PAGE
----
An Archive of Shame: Gender, Embodiment, and Citizenship in Contemporary American Culture
In this dissertation, "An Archive of Shame: Gender, Embodiment, and Citizenship in Contemporary American Culture," I use the affect of shame in its multiple forms and manifestations as a category of analysis in order to examine complex relationships between gender, sexuality, the body, and citizenship. Through chapters on incest, gender normalization, and disease, I build an "archive" of the feeling of shame that consists of literary texts such as Sapphire's Push: A Novel, Jeffrey Eugenides?s Middlesex, Tony Kushner's Angels in America, and Katherine Dunn?s Geek Love, as well as materials from popular culture, films such as Philadelphia, court cases, and other ephemera such as pamphlets and news coverage. In order to construct this archive, I bring together seemingly disparate materials and create readings of American culture that illustrate how the category of citizen is produced by the shaming of women, the gender non-conforming, and the diseased. Using feminist theoretical models, I critique previous discussions of citizenship, the state, and the body in queer theory, which have reified the privilege of whiteness and maleness by evacuating the bodies of women, the gender non-conforming, and the diseased of their radical potential to undermine oppressive state institutions.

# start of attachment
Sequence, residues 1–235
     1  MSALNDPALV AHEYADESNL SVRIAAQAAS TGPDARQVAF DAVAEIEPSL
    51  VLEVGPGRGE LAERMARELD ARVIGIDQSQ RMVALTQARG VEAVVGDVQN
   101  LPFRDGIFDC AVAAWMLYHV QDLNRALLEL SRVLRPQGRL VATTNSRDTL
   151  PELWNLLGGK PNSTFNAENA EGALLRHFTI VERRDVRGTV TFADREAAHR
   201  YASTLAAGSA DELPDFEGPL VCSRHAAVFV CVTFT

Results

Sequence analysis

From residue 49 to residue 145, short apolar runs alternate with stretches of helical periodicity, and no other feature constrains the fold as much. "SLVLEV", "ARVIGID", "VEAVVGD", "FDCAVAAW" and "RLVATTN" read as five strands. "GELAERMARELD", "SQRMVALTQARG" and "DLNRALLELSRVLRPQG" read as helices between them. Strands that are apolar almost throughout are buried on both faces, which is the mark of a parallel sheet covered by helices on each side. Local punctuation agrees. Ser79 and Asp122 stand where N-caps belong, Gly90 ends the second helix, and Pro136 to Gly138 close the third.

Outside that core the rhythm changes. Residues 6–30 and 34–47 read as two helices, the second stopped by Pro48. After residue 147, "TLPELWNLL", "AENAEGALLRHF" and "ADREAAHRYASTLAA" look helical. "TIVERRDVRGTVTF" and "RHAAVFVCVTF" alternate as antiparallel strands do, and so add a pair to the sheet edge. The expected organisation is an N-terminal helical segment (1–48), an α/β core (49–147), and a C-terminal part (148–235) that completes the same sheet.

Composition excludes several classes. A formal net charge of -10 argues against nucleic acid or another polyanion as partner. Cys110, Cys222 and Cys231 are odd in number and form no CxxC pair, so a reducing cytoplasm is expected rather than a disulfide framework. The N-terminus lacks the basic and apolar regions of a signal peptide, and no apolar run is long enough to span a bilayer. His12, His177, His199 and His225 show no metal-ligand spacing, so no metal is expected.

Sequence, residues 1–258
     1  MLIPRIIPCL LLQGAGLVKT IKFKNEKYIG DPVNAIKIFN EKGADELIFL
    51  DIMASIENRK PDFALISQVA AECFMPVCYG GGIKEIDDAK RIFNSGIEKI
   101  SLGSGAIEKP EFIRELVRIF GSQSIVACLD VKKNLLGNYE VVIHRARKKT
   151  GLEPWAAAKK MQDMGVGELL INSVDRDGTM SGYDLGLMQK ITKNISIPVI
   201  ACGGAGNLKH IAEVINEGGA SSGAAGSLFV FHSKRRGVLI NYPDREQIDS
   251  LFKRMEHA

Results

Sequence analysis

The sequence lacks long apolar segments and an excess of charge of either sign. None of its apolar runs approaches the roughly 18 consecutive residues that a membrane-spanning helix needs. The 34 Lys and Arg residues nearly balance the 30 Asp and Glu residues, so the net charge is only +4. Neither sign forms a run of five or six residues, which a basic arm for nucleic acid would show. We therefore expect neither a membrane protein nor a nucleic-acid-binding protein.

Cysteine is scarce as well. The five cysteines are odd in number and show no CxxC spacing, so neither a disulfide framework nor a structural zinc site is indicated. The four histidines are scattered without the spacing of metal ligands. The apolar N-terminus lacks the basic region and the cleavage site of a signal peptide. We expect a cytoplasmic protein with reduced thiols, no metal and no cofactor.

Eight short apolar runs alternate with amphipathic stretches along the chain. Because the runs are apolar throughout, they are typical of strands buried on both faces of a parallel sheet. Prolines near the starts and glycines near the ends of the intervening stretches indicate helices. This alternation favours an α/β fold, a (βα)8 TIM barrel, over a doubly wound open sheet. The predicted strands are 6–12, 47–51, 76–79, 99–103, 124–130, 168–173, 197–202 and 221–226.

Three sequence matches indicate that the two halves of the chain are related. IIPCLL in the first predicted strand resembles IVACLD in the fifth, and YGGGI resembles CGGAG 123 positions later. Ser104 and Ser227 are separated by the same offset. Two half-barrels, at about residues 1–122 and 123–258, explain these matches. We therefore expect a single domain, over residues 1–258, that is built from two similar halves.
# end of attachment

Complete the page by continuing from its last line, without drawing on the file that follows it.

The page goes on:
The texts I analyze in this project interrogate normalized processes of documentation and archiving, and through their subject matter as well as their form, these texts participate in the archival process?theorizing and exploring alternative methods of documentation, collecting, and historicizing and so illustrate how the discourses produced by mainstream history are built upon the maintenance of social hierarchies. By bringing these texts together, I am developing a theory of the archive and its processes, its bodies, and its feelings. Archiving as a practice collects and documents, and in that collection, develops a coherent narrative about a particular event or history. Critical theory is also a process of making meaning through the collection of events, documents, and texts into a cohesive set of terms in order to make particular abstract claims. This process is often obscured both in archiving and in theorizing by naturalizing the selection of the materials that matter. The alternative archives in this dissertation make that process explicit in order to foreground its erasures and elisions; they register material difference and the ways in which the archive is reproductive of social relations. The transient and unstable nature of the archives produced within the texts of this project makes them difficult to pin down and make coherent, but that is what makes them powerful and transformative. I read these materials as sites where questions about the official histories of the nation, which are constructed through race, gender, and sex, might be played out. The archive of shame I compile in this project, therefore, can be read as a collection of partial sites of struggle against oppressive power relationships.